1780: At the Battle of Kings Mountain, near Blacksburg, South Carolina, an American Patriot militia, loosely organized as a collection of scores of smaller militias from “over the mountain” regions, and under the nominal command of ten different colonels, decisively defeated a superior force of Loyalist militia under the command of British Major Patrick Ferguson. The Loyalist force was part of Lord Cornwallis’ Southern Strategy, which attempted to exploit Loyalist sentiment in the coastal regions by creating local militias that would take the fight against Americans inland, led and supported by British Regulars. The previous months saw repeated vindication of this strategy with the capture of Charleston, the Battle of Camden, the Battle of Waxhaws, and Tarleton’s Massacre. Major Ferguson expected to make a short, violent thrust inland from the Waxhaw area to put down the last of the Patriots. What he didn’t know is that the news of Tarleton’s Massacre inflamed Patriots hundreds of miles away, and the intervening weeks gave the distant militias time to gather and loosely organize a defense. Ferguson finally learned of the gathering force and took a strong defensive position atop Kings Mountain. When the Patriot attack started, Ferguson rode up and down the line, fully exposed to fire, blowing commands with a silver whistle. The Patriot militias, meanwhile, broke into 20 separate groups and charged up the hill, pausing behind rocks to load their rifles, carefully aiming at and picking off individual Loyalists, and eventually Ferguson himself. The victory promoted Patriot momentum throughout all the colonies, especially in the Carolinas, where Cornwallis’ Regulars were on the cusp of an even more strategic defeat at Cowpens.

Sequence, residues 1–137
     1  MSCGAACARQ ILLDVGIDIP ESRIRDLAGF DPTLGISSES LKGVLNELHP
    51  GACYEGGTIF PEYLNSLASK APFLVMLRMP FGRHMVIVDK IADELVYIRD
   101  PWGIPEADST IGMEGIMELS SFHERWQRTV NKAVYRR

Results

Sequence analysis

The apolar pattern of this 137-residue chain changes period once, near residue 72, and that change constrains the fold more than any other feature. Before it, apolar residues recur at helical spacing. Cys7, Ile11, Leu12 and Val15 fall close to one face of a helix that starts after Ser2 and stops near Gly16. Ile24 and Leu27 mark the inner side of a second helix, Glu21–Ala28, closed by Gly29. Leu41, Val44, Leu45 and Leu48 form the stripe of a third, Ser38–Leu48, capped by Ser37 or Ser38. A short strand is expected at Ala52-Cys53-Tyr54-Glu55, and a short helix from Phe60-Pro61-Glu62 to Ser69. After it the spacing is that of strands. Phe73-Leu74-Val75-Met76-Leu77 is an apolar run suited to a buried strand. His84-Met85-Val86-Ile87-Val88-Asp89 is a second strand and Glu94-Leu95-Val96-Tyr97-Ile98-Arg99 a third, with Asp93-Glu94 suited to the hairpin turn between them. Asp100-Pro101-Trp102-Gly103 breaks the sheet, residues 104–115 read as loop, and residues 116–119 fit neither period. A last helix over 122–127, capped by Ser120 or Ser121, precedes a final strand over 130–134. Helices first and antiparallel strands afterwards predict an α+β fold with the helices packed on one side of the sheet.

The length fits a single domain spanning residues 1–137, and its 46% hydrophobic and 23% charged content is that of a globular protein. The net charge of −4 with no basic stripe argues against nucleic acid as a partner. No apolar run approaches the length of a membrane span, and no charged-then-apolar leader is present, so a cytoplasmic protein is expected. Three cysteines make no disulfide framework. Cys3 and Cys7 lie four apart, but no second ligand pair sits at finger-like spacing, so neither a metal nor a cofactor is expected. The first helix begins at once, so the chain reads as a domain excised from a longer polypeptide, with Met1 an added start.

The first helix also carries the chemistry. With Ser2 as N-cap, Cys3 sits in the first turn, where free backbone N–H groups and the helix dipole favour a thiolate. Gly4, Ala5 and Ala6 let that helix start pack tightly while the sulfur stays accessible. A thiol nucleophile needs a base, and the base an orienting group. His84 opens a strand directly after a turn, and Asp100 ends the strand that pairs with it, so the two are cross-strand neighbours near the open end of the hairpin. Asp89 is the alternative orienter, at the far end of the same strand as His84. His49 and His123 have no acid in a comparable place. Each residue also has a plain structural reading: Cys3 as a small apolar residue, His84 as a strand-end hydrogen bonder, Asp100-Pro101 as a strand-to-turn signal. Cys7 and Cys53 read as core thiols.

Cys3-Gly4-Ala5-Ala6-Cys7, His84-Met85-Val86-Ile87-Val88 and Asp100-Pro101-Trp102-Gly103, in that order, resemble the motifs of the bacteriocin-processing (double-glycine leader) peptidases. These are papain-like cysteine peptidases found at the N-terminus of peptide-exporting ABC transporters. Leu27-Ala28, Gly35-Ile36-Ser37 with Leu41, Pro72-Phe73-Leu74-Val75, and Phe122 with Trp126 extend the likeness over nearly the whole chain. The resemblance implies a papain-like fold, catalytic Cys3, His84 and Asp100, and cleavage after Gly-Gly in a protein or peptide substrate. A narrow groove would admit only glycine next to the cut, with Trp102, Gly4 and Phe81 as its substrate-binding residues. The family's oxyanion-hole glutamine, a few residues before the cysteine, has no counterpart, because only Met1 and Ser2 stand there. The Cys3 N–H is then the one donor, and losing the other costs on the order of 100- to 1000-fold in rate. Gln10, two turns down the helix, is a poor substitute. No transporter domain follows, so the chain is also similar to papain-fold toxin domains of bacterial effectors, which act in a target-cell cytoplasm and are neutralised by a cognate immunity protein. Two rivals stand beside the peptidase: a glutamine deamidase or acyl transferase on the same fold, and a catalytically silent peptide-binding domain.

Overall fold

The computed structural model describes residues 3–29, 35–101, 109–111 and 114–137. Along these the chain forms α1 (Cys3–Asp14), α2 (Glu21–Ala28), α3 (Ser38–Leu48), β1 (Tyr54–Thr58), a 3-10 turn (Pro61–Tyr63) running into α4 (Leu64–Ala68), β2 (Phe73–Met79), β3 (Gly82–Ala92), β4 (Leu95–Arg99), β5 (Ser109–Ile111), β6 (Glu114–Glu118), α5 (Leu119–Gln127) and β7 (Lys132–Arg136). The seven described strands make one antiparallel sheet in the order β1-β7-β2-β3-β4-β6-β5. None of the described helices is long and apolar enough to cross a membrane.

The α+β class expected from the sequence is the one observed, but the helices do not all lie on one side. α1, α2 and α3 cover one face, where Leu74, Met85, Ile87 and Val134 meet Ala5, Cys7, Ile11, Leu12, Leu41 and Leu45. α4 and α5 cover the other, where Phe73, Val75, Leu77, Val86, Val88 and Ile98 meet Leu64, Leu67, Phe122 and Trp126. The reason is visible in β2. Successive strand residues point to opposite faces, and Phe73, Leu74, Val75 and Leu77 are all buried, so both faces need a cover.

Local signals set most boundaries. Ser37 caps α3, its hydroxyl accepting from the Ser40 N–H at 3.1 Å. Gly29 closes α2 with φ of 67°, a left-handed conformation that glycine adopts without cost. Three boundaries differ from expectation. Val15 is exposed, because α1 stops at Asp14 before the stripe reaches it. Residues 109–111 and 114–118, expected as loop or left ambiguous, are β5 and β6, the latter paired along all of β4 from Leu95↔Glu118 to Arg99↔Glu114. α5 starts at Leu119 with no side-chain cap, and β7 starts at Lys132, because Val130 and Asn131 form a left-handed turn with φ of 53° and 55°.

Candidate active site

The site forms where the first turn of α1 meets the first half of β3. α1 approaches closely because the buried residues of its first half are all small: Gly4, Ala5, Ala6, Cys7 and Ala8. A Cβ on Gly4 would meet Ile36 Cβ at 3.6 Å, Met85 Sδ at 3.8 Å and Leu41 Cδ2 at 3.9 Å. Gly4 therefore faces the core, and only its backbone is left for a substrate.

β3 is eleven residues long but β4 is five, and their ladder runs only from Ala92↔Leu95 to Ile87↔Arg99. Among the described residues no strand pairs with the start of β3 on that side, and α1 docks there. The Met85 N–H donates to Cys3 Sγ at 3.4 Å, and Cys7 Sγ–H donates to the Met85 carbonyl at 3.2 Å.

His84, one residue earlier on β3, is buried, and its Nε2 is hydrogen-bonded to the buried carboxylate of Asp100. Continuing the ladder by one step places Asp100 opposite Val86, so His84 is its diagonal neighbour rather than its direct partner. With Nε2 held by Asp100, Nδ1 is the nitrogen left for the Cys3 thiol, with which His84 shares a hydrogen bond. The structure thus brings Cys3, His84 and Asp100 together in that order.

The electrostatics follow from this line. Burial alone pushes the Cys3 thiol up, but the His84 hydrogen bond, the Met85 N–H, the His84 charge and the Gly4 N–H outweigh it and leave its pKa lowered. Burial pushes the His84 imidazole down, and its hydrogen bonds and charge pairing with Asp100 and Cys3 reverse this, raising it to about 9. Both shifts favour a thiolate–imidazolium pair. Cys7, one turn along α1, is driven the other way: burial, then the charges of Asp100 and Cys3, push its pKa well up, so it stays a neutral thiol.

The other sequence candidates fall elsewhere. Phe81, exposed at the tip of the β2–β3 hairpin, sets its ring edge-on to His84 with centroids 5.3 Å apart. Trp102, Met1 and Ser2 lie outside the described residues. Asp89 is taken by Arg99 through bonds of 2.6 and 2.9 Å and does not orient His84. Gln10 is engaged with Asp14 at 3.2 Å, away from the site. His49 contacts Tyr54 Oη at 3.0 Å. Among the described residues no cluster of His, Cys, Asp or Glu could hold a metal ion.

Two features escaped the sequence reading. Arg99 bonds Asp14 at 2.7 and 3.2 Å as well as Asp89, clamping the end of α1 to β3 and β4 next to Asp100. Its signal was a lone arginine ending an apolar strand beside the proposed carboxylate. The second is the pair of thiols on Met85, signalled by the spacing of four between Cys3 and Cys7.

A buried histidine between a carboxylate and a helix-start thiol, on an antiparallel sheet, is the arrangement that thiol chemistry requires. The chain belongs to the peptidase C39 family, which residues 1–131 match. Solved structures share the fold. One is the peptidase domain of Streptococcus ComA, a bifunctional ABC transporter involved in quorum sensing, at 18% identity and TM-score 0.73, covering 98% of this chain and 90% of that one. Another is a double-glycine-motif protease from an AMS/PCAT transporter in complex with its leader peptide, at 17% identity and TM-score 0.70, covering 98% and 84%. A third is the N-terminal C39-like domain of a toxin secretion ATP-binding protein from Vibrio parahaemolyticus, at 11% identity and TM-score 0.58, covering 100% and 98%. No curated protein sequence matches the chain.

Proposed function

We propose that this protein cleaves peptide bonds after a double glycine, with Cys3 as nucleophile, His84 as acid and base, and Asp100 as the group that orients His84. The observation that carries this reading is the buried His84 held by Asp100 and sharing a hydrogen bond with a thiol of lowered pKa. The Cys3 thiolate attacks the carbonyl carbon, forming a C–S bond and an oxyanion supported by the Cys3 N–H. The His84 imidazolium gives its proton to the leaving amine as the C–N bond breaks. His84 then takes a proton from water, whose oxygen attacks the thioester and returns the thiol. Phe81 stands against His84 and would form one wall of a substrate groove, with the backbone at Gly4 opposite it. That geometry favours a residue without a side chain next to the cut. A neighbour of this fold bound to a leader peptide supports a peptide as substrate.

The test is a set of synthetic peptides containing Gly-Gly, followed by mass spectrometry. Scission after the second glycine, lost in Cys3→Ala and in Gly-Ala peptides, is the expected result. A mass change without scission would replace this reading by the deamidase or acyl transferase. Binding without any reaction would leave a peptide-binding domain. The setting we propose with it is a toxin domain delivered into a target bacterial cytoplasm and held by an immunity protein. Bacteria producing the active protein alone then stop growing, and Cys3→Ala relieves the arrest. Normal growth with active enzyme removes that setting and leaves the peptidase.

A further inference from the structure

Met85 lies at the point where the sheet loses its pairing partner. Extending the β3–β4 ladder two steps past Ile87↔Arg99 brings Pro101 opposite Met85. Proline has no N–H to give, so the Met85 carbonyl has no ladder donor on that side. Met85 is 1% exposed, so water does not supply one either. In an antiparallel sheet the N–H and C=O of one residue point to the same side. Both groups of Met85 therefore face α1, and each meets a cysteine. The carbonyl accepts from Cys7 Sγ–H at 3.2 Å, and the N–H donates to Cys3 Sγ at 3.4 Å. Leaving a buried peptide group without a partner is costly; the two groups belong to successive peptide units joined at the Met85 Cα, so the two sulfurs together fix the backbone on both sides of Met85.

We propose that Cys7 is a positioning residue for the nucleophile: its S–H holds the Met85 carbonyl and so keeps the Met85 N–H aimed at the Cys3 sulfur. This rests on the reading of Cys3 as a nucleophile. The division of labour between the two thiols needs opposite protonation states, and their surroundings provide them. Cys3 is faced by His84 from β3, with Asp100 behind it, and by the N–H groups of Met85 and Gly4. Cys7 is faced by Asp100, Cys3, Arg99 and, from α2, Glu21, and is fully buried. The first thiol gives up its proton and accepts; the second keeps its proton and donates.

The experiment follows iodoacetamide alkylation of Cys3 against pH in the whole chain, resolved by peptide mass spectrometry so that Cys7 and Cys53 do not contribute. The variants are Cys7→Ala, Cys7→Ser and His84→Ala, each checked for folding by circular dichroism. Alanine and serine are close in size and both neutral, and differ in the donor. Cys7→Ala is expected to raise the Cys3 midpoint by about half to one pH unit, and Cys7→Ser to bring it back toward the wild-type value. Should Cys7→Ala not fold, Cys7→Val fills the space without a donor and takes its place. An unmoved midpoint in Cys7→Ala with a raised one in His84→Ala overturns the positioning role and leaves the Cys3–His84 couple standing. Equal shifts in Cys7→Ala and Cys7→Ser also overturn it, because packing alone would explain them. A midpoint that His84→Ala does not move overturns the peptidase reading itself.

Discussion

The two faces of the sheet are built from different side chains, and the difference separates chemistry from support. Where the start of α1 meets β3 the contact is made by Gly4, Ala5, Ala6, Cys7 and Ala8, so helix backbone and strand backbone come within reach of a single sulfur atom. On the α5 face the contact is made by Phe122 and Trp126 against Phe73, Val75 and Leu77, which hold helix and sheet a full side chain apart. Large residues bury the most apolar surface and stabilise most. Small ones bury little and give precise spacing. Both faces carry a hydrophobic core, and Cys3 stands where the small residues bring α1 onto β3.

1780: A massive hurricane tears through the Lesser Antilles, creating a swath of destruction from the Grenadines to Bermuda that leaves 23,200 souls dead and no fewer than 65 naval vessels from France, the Netherlands, and Great Britain lost at sea or smashed to splinters on a lee shore, to say nothing of the devastation ashore, where thousands of homes and business were swept away by the storm’s surge. The Great Hurricane of 1780 remains the single most destructive weather event in the history of the Atlantic Ocean.
1793: Death of American patriot John Hancock (b.1737).